(No, Ireland is not the main U.S. imported medicine source …)
Over the past decade, China has been the largest source of medicine imported into the United States, with India and Mexico vying for second- and third-largest depending on the year. This infographic shows the volume of medicine imported by the United States from its top 10 import sources over the past decade. The volume data set reflects the amount of actual product that is shipped to the United States.
We also provide the import data for the same period measured on the basis of value of imported medicine to show how some sources have misreported that Ireland is the top U.S. source of imported medicine.
By volume, the top three pharmaceutical import sources in 2019 are China, India and Mexico, with Canada, Germany, Italy, the United Kingdom, Israel, Spain and, finally, Ireland rounding out the rest of the top 10, respectively.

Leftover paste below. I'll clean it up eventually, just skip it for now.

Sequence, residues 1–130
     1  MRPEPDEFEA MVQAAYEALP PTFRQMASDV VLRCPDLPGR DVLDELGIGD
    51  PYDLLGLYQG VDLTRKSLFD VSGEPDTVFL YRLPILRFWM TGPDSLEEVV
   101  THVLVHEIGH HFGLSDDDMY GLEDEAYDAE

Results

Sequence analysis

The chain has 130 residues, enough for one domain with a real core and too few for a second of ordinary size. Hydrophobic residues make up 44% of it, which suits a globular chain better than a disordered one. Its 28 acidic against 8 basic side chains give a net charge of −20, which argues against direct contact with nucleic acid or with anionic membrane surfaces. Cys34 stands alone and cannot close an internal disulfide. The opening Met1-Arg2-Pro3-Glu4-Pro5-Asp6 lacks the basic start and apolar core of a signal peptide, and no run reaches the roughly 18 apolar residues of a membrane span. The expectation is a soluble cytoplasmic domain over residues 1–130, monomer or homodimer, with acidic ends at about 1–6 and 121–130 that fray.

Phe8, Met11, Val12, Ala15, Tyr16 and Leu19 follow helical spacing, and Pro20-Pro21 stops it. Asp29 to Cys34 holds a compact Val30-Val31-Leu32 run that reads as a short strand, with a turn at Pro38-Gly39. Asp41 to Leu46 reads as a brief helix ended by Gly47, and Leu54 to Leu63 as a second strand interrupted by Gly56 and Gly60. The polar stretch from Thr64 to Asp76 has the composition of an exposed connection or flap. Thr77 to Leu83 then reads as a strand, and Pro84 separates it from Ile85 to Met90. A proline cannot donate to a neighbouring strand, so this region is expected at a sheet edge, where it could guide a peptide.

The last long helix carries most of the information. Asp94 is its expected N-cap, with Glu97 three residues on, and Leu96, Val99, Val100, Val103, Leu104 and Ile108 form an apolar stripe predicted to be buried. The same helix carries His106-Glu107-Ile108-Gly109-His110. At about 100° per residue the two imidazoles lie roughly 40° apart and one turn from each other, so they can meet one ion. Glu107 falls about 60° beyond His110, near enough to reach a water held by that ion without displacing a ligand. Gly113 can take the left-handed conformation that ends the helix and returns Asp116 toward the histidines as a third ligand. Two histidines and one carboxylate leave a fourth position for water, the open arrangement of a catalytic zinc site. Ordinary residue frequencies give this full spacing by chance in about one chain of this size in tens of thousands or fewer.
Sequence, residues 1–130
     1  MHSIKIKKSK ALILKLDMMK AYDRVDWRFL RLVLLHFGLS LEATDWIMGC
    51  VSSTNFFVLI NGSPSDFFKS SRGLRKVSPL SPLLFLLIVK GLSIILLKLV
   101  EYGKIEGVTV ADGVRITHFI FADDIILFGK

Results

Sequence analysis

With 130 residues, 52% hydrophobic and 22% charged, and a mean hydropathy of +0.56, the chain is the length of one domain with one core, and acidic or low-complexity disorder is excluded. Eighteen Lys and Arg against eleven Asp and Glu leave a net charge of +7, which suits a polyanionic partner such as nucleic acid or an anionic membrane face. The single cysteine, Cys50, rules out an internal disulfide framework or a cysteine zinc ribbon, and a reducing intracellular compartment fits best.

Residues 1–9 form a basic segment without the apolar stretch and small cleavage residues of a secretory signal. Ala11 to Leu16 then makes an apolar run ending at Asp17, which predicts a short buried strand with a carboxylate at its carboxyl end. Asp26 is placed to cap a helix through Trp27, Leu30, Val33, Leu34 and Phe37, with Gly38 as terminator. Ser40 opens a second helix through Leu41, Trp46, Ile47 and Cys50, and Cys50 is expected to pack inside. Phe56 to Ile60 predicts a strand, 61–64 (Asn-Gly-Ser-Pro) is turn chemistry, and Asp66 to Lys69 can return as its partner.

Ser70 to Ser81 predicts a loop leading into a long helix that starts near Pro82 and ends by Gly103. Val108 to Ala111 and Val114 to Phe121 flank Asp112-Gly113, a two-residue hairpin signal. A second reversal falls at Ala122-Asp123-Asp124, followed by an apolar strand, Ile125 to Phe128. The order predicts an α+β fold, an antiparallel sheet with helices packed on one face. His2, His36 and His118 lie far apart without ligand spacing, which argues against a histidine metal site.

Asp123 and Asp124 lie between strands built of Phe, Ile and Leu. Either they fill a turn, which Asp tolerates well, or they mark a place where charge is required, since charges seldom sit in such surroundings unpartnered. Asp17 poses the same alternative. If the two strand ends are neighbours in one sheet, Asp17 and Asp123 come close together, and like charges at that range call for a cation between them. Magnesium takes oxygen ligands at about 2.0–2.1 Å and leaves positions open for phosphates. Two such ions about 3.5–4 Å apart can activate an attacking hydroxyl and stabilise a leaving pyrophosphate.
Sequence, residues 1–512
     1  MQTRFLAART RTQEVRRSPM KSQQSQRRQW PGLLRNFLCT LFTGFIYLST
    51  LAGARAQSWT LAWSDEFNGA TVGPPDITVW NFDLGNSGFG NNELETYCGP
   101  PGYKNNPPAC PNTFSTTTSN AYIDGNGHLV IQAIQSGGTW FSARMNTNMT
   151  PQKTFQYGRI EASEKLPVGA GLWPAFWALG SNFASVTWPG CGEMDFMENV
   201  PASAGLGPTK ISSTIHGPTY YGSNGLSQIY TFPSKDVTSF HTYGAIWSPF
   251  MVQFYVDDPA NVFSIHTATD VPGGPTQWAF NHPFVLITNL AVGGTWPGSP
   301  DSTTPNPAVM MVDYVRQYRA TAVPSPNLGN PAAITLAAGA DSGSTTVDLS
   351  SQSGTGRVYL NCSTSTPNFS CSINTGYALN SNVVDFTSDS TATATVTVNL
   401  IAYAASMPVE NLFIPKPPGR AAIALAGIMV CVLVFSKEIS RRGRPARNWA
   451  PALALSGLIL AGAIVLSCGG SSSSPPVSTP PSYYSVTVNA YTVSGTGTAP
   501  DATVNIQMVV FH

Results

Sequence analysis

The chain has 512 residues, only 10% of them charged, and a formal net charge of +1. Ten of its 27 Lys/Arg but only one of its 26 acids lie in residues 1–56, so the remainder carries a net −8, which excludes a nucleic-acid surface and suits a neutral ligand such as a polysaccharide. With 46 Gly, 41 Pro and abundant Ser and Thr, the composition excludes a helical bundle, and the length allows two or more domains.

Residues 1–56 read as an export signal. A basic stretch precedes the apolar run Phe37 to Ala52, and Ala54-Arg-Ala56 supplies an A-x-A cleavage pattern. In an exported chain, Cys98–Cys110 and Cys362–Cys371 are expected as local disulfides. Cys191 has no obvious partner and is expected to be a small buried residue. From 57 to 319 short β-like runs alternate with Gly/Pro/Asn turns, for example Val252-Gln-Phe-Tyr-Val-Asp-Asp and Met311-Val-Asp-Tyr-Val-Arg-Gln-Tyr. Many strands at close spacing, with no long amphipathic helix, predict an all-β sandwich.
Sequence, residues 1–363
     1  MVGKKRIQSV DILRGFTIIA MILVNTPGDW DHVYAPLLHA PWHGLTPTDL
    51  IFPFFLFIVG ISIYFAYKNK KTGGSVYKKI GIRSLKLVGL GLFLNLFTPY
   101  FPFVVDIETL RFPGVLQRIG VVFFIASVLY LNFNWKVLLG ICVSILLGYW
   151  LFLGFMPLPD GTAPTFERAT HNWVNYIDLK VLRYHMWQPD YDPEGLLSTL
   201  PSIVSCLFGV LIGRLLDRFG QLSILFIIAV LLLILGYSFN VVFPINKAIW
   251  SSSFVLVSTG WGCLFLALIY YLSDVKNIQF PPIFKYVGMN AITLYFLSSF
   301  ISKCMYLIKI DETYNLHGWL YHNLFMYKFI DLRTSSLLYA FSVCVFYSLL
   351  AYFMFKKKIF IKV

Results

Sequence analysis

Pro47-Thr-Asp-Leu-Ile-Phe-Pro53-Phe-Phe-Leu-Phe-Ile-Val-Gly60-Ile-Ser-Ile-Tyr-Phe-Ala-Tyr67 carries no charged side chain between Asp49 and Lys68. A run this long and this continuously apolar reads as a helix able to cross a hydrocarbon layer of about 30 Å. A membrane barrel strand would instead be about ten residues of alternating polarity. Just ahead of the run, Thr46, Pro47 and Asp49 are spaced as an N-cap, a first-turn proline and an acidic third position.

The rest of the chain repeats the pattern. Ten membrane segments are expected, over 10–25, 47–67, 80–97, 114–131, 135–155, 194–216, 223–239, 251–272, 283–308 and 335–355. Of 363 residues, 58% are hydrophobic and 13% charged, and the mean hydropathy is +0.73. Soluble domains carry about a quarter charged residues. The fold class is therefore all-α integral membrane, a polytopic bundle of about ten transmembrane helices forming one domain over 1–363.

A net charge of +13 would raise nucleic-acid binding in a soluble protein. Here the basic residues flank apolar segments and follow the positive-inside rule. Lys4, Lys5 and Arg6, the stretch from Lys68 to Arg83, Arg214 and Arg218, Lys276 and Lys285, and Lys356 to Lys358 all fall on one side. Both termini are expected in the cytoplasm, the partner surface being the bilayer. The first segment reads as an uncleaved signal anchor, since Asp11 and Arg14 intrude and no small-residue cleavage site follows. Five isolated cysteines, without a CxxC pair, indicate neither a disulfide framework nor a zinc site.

However, by value, the top three pharmaceutical import sources in 2019 are Ireland, Germany and Switzerland, with Italy, India, Belgium, Denmark, Canada, the United Kingdom and Japan rounding out the top rest of the top 10.
While the volume data set represents the amount of medicine that is sent to the United States, the value data set reflects the high prices of some medicines protected by monopoly patents as well as pharmaceutical corporations’ tax-avoidance strategies. This includes some firms’ corporate “inversions,” which are created when firms relocate their legal “home” to countries with low tax rates and then charge their legal entities in their old base countries’ large patent-licensing fees, which then can be deducted from taxes as a business expense.
The actual sources of most imported medicines and the gap between volume and value data are demonstrated in the infographic.